Scripture: 1st Reading: Daniel5,1-6,13-17,23-28; Resp. Psalm: Daniel3,40-45; Gosp. Accl.: Rev2,10; Gospel: Lk21,12-19
God is supreme, awesome, almighty and all powerful. He is holiness in perfection and perfection in holiness. He is supreme, but at the same time accessible and close. He makes Himself available for encounter with us. Because of His awesome holiness, mortal man is drawn to worship Him. Even though there is nothing that can sufficiently be used for the worship of His infinite majesty, He permits that we use some of His creation, the works of His hands, to help us experience communion with Him. He does not need these material elements but permits them to be used for our own good.
Once something has been so set apart for His worship, that thing becomes His own and cannot be utilized in any way to suggest that it is still ordinary. This is because it has been employed in the worship of the Living God, has had contact with His awesome holiness and should therefore be regarded as holy objects solely for worship. King Belshazzar did not understand this. In the height of power, some men become mad and lose every iota of wisdom and ability to think straight. Pride sets in and fall becomes a matter of time.
Nebuchadnezzar the father of this foolish King Belshazzar was the one who over-ran Judah, deported Jechonaiah and the people, sacked the temple and brought the temple treasury, the gold, silver and the sacred vessels in the sanctuary to Babylon. Belshazzar decided to outwit his father in infamy. In one of his pagan revelries, he commanded in a great feast before everyone that the gold and silver vessels his father took from Jerusalem be brought and he and all his guests and concubines drank wine from them.
The value of the vessels is not what is important here. What is at stake is the insult to the Living God. At stake here is the desecration of an object that had been set apart solely for the worship of God. His father committed sacrilege by removing those vessels. He now committed abomination by desecrating them, thus defying and daring the Living God.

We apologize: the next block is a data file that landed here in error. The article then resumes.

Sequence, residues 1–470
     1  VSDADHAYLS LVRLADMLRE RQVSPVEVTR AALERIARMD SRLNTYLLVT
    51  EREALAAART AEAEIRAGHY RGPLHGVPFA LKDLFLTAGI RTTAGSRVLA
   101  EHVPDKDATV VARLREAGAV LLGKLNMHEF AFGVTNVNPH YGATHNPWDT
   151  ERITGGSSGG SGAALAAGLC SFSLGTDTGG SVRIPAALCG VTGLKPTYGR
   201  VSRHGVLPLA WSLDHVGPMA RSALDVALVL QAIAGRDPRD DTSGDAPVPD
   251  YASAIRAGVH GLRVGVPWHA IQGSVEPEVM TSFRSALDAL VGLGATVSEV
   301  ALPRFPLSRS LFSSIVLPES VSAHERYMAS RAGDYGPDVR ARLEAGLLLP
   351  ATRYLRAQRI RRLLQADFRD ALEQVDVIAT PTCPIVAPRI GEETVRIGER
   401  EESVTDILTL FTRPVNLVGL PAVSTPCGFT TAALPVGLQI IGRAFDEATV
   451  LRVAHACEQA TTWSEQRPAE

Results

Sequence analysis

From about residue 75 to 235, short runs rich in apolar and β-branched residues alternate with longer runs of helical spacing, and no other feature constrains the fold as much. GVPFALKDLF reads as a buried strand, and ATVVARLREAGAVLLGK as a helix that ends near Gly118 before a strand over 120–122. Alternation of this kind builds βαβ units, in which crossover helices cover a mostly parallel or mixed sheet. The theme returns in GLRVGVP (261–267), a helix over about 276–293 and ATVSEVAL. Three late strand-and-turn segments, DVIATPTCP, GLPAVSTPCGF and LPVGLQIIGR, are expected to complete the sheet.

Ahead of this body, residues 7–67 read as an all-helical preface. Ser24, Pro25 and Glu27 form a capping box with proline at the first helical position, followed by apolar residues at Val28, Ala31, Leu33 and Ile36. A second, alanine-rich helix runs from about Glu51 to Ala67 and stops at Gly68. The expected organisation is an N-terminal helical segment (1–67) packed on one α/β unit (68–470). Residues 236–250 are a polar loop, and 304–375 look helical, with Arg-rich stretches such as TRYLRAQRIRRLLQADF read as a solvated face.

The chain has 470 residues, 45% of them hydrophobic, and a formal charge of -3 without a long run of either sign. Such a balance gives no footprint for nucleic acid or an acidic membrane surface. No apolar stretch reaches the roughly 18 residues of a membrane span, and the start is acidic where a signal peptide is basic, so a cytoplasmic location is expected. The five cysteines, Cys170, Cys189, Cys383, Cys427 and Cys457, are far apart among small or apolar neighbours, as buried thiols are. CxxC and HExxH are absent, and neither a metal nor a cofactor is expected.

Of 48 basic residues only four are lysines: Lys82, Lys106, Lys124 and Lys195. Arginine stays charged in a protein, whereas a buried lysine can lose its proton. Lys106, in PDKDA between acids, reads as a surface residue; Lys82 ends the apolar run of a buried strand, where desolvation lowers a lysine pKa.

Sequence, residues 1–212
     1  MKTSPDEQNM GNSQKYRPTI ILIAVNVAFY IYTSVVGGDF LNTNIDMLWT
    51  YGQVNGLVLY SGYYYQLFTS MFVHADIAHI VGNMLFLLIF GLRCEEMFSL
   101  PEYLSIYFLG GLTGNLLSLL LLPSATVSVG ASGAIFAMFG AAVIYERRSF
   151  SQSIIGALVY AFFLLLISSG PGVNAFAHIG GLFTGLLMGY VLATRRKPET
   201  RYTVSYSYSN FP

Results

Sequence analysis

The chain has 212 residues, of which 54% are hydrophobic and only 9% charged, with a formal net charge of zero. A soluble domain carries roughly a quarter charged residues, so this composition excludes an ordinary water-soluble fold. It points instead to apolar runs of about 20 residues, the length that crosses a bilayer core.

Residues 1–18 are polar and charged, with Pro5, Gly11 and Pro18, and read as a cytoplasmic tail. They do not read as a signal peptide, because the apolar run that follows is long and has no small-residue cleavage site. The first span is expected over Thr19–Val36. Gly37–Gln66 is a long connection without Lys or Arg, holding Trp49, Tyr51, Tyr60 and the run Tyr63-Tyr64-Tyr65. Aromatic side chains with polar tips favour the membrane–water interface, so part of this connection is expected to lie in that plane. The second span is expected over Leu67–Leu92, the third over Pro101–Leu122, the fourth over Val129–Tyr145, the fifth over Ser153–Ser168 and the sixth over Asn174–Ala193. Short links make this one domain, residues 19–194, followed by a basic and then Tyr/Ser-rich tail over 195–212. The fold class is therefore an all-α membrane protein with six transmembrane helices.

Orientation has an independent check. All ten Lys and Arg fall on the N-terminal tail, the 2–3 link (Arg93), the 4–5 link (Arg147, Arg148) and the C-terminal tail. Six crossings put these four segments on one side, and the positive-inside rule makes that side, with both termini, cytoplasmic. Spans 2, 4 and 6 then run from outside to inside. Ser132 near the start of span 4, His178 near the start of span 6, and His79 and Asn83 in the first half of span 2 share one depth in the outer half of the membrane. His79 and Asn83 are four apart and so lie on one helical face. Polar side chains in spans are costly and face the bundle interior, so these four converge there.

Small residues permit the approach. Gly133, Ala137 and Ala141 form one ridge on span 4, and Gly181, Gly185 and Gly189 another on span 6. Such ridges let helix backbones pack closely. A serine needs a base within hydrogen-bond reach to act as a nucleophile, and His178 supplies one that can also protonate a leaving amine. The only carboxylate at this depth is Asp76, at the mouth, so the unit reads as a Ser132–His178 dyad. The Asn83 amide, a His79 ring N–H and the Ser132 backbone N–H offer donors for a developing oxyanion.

The divine response was immediate. A hand wrote on the wall of his palace. Daniel was called to interpret the meaning. The interpretation was simple: the kingdom lifted himself up against Yahweh by drinking from the sacred vessels and praising the gods of silver and gold. The hand was sent from His presence. The verdict was clear: "mine, God has numbered the days of your kingdom and brought it to an end; Tell, you have been weighed in the balances and found wanting; Peres, your kingdom is divided and given to the Medes and Persians."
Belshazzar lifted up himself against God and paid dearly for it. He profaned the Holy objects and lost his kingdom. Our Lord today foresaw the tribulations of His followers. He knew that discipleship would attract great persecutions. For our Lord, that is not the time for the disciple to be afraid. That is the time to bear testimony. What will be said should not be prepared or rehearsed because what will be said will be given by our Lord Himself. The hatred and handing over of the believer will even come from his family. But our Lord assured the faithful witness: "not a hair of your head will perish. By your endurance you will gain your lives."
The word today teaches us again about steadfastness to God. It teaches us that we cannot compromise where God's demands on us are at stake. It teaches us to have courage like Daniel, to bear testimony to the truth, even when doing this before a mad ruler may endanger our lives. It assures us that such testimony will not go unrewarded. In such instances, by our endurance we will gain our lives.
Let us pray: O God our Father, your word today calls us to a living testimony to the truth. Give us courage to bear witness to you before men. Make our lives living examples of true and authentic discipleship. Amen.
May the Living Word of God find a true dwelling place within our hearts and souls today and always.